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Pentagon set to begin COVID-19 vaccinations on small scale

FILE - This May 4, 2020, file photo provided by the University of Maryland School of Medicine, shows the first patient enrolled in Pfizer's COVID-19 coronavirus vaccine clinical trial at the University of Maryland School of Medicine in Baltimore. Pfizers COVID-19 vaccine is entering the final phase of review by U.S. government regulators. The Food and Drug Administration on Tuesday, Dec. 8 released a positive review of the vaccine. (Courtesy of University of Maryland School of Medicine via AP, File)
FILE - This May 4, 2020, file photo provided by the University of Maryland School of Medicine, shows the first patient enrolled in Pfizer's COVID-19 coronavirus vaccine clinical trial at the University of Maryland School of Medicine in Baltimore. Pfizers COVID-19 vaccine is entering the final phase of review by U.S. government regulators. The Food and Drug Administration on Tuesday, Dec. 8 released a positive review of the vaccine. (Courtesy of University of Maryland School of Medicine via AP, File) (University of Maryland School of Medicine)

WASHINGTON – The Pentagon's initial allotment of coronavirus vaccine will be administered at 16 defense sites in the United States and abroad, with health care workers, emergency service personnel and residents of military retirement homes getting top priority, officials said Wednesday.

Next in line, once follow-on supplies of vaccine becomes available, will be military personnel who provide “critical national capabilities,” such as nuclear weapons crews and cybersecurity forces, as well as certain military units getting ready to deploy.

The vaccinations will be voluntary because the Pfizer vaccine initially is to be made available on an emergency use basis. The shots could become mandatory later if vaccines are fully licensed by the Food and Drug Administration, the officials said.

A few dozen of the Pentagon's leaders, including the acting defense secretary, Christopher Miller, and Gen. Mark Milley, chairman of the Joint Chiefs of Staff, are to be among those receiving early vaccinations, said Pentagon spokesman Jonathan Hoffman. Some of those leaders will get their shots in public in order to demonstrate the Pentagon's confidence in the vaccine's safety, he said.

Separately, officials said that as part of the military's continuing support for state and local governments fighting the pandemic, 45 military medical personnel will be sent to Wisconsin this week to support four civilian hospitals. They are acting on a request for assistance by the Federal Emergency Management Agency. Military medical personnel already are helping at hospitals in Texas and North Dakota.

The Pentagon is to received slightly fewer than 44,000 doses of the Pfizer vaccine initially, Hoffman said. The timing depends on when the FDA gives the go-ahead for distribution and use of the Pfizer vaccine.

In their first evaluation of the Pfizer vaccine, FDA scientists this week confirmed that it offers strong protection, setting the stage for the government to green light the biggest vaccination effort in the nation’s history. The FDA's independent advisers were to meet Thursday to debate whether evidence was strong enough to recommend vaccinating millions of Americans. A final FDA decision and the first shots could follow within days.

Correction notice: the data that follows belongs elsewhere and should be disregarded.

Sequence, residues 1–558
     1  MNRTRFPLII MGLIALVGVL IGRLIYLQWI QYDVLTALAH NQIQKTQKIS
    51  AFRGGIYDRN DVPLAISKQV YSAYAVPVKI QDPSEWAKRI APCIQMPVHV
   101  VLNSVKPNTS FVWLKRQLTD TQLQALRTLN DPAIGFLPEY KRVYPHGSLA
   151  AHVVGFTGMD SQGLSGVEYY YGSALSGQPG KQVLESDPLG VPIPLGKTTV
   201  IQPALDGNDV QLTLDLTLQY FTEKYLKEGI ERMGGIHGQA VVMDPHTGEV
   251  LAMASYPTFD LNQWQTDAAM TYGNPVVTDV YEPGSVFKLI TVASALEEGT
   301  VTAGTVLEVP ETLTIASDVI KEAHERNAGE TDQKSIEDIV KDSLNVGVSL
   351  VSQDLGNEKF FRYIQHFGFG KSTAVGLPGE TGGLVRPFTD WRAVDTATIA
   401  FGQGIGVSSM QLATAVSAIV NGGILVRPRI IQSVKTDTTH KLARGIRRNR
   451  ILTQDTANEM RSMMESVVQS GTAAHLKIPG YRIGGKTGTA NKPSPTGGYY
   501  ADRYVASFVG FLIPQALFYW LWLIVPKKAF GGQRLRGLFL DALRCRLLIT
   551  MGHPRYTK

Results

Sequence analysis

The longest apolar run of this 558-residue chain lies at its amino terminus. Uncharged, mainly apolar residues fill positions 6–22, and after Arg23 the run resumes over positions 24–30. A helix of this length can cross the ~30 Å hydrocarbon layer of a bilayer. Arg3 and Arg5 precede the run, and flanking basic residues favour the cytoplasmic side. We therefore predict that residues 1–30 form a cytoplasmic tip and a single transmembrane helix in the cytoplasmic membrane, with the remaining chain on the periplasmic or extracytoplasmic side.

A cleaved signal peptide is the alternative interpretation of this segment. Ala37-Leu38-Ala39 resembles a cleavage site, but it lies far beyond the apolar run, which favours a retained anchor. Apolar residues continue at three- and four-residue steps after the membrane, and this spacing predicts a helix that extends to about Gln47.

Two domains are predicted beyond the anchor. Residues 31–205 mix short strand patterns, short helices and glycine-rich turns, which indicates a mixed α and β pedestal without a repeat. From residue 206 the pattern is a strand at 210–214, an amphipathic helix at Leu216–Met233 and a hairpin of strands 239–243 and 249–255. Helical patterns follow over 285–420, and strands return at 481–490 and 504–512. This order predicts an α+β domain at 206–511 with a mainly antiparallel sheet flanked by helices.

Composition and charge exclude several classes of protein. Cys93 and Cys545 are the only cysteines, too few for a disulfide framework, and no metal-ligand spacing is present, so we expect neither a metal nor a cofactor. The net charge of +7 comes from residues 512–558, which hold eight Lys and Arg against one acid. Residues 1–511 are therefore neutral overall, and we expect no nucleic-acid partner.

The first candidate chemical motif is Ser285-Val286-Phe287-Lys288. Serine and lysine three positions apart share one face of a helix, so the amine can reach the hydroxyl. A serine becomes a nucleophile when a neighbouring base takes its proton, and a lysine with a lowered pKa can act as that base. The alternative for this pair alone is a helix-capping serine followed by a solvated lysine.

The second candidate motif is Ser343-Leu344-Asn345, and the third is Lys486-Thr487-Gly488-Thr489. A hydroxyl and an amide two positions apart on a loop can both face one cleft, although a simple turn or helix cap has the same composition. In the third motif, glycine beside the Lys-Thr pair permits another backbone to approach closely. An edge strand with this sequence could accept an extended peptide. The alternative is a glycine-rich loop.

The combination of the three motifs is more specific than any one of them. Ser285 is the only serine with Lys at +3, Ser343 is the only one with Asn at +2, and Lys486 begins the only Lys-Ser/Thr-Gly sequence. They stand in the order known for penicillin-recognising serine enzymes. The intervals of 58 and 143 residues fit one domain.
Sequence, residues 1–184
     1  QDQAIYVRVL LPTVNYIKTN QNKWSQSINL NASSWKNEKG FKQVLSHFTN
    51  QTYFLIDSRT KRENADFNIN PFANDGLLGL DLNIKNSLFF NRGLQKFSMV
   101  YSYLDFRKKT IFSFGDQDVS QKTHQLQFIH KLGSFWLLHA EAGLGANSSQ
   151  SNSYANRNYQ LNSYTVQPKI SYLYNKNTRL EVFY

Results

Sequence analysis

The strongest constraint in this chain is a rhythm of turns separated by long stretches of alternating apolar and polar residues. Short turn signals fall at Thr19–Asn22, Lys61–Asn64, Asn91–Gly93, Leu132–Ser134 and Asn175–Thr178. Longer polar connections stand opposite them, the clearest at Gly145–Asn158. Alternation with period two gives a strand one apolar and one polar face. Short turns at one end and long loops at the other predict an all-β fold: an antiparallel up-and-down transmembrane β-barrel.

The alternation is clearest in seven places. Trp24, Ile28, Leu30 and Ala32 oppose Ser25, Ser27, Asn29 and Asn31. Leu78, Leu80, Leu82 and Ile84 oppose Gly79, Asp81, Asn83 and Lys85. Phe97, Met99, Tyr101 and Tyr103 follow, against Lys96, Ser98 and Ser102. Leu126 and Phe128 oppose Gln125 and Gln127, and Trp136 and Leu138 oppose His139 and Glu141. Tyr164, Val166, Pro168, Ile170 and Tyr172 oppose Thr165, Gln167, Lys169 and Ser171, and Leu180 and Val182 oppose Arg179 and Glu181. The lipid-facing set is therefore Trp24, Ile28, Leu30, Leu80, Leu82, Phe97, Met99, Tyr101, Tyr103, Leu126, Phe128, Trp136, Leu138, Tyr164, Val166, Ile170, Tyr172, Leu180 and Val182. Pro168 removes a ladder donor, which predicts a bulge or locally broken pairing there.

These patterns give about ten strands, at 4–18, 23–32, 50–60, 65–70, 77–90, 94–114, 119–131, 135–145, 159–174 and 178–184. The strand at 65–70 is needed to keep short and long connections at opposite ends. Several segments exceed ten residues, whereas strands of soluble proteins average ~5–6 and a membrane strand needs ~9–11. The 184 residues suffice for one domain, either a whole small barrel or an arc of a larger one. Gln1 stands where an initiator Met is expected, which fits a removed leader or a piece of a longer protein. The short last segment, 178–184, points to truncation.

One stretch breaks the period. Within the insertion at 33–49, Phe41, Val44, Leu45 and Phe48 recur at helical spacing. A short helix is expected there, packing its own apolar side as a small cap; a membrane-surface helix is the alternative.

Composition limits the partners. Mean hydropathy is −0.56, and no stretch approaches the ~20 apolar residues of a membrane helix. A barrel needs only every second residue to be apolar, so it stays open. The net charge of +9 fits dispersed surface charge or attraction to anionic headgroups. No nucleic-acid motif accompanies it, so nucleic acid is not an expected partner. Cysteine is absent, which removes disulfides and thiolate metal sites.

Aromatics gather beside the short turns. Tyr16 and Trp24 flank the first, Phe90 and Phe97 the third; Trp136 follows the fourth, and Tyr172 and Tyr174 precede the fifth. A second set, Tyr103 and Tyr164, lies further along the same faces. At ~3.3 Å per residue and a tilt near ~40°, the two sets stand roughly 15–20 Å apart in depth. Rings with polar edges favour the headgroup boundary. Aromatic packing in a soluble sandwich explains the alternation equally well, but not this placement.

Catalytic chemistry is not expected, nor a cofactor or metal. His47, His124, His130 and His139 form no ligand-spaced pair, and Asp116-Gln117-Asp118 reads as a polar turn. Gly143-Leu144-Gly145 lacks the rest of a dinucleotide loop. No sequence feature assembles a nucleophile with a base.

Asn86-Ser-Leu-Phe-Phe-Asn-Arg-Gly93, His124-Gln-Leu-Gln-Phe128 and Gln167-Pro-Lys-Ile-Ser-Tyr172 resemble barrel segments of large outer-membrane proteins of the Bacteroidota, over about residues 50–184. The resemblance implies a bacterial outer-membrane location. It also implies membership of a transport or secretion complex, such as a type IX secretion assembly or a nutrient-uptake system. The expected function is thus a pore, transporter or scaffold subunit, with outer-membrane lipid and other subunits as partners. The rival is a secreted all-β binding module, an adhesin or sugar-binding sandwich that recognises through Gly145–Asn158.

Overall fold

Thomas McCaffery, the assistant secretary of defense for health affairs, told a Pentagon news conference that although vaccinations will be voluntary, at least initially, he strongly recommends that all who are offered the shot take it. The first doses are to be ready for use within a day or two of the FDA go-ahead, he said.

“Our advice to everyone is to take the vaccine, just based on risk," said Lt. Gen. Ronald Place, director of the Defense Health Agency.

The initial set of 43,875 doses of the Pfizer vaccine are to be provided in varying quantities at 16 locations, with distribution to be vastly expanded later to reach all military members and Defense Department civilians when more doses become available.

The initial 16 sites are:

—Darnall Army Medical Center at Fort Hood, Texas.

—Wilford Hall at Joint Base San Antonio, Texas.

—Madigan Army Medical Center at Joint Base Lewis McChord, Washington.

—Womack Army Medical Center at Fort Bragg, North Carolina.

—Navy Branch Health Clinic at Naval Air Station Jacksonville, Florida.

—Base Alameda Health Services at the Coast Guard Base at Alameda, California.

—Naval Medical Center at San Diego (which also will distribute doses to the Naval Hospital at Camp Pendleton, California).

—Naval Hospital Pensacola, at Pensacola, Florida (which will distribute to the Armed Forces Retirement Home at Gulfport, Mississippi).

—Walter Reed National Military Medical Center at Bethesda, Maryland (which will distribute to the Armed Forces Retirement Home in Washington, D.C).

—Portsmouth Naval Medical Center at Portsmouth, Virginia (which will distribute to the Coast Guard Base Clinic at Portsmouth).

—Indiana National Guard at Franklin, Indiana.

—the New York National Guard Medical Command at Watervliet, New York.

Doses from the initial Pfizer batch of vaccine also will be administered at Tripler Army Medical Center in Honolulu and at three overseas locations: Allgood Army Community Hospital at Camp Humphreys in South Korea; Landstuhl Regional Medical Center in Germany, and Kadena Medical Facility at Kadena air base in Japan.